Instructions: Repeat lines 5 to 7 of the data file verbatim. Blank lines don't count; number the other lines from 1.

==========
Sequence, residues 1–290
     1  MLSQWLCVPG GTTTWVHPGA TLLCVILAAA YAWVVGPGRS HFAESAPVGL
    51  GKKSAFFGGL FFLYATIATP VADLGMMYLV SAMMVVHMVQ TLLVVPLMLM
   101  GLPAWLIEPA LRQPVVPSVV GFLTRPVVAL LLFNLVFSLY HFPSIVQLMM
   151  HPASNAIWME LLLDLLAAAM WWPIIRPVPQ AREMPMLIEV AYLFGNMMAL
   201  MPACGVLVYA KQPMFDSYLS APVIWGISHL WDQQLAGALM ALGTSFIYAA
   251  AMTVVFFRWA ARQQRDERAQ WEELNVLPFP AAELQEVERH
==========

   151  HPASNAIWME LLLDLLAAAM WWPIIRPVPQ AREMPMLIEV AYLFGNMMAL
   201  MPACGVLVYA KQPMFDSYLS APVIWGISHL WDQQLAGALM ALGTSFIYAA
   251  AMTVVFFRWA ARQQRDERAQ WEELNVLPFP AAELQEVERH